Within the age range studied, differences between eyes could begin to occur anytime, with no particular preference for any one age. In a few patients, anisometropia actually decreased during the study.
Highlighting Need for Proper Correction in Both Eyes
Previous studies, based on cross-sectional (one-time) measurements, have suggested that the rate of anisometropia increases exponentially with aging. However, these studies provide no information on how the visual mismatch develops over time, or the specific refractive error components involved.
Dr Haegerstrom-Portnoy and coauthors cite previous studies showing that the prevalence of anisometropia in children is only two to four percent. They write, "Whatever the cause of the increase in anisometropia with aging, the fact that significant anisometropia is at least ten times more common in those over 75 years of age than in children needs to be clearly emphasized to clinicians."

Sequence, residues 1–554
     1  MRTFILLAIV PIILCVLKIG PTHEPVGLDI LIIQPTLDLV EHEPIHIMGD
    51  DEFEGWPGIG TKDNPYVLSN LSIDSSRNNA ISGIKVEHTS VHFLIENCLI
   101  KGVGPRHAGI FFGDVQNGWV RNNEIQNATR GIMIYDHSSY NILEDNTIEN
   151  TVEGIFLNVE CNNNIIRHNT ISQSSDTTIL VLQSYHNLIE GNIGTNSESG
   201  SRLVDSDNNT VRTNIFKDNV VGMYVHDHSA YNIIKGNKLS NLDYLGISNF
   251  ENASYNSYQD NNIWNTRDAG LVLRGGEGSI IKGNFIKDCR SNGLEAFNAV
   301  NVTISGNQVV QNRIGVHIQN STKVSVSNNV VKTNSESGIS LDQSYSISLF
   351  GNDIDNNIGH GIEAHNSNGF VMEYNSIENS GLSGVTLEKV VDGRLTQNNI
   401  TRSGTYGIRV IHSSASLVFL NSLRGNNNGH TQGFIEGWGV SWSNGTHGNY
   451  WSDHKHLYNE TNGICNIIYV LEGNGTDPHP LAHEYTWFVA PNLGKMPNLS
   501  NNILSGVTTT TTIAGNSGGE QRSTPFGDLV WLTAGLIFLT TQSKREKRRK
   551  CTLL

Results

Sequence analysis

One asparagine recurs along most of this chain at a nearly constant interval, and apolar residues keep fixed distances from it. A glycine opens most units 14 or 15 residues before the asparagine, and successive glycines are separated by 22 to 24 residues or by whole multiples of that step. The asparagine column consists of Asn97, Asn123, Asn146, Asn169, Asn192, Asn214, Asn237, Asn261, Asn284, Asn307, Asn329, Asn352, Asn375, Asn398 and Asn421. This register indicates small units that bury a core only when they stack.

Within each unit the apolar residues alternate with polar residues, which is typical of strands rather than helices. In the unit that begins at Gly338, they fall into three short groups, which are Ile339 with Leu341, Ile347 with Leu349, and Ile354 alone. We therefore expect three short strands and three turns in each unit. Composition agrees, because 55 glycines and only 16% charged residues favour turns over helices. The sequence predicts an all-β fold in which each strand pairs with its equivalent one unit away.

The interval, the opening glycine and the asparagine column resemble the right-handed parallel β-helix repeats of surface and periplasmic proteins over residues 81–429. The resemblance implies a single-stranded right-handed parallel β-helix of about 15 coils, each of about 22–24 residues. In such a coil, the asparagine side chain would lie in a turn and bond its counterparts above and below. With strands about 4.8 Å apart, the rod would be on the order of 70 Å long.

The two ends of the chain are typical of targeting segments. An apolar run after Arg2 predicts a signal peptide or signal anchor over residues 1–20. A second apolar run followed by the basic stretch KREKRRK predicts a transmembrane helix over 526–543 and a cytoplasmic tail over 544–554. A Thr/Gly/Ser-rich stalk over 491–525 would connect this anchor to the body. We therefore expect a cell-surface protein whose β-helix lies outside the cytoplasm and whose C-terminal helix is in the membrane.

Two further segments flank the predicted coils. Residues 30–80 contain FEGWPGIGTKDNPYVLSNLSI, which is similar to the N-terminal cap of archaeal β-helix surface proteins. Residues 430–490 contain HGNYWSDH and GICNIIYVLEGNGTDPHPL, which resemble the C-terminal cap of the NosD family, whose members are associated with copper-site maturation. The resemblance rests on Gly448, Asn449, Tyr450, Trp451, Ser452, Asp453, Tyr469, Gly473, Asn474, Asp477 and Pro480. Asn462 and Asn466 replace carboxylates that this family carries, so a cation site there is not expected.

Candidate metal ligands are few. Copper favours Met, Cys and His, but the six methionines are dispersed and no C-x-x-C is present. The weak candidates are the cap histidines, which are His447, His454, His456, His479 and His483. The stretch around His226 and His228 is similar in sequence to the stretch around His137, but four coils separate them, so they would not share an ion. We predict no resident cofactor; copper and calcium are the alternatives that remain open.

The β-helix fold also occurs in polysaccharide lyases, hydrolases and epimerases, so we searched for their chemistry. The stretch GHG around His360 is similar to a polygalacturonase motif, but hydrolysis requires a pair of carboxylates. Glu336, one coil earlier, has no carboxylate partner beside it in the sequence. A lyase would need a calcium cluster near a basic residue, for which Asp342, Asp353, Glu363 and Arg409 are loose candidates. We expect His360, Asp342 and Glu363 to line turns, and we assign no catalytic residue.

Anthony Adams, OD, PhD, Editor-in-Chief of Optometry and Vision Science, comments: "For older people a lack of correction of this prescription difference between the eyes may contribute to the increased frequency of falls that, in turn, can have a severe impact on health and even life expectancy." Under current American Academy of Optometry guidelines, people over age 65 are considered a high-risk group, for whom visual examination and screening are recommended at least every two years.
Dr Adams raises special concern over the frequent use of "over-the-counter drugstore reading glasses" by older adults. He adds, "These 'dime store readers' are made to be generic, with identical focusing or magnification power in each eyecertainly not an ideal solution for at least 30 percent of the over-age-75 population who have differing visual requirements between eyes."
|Contact: Connie Hughes|
Wolters Kluwer Health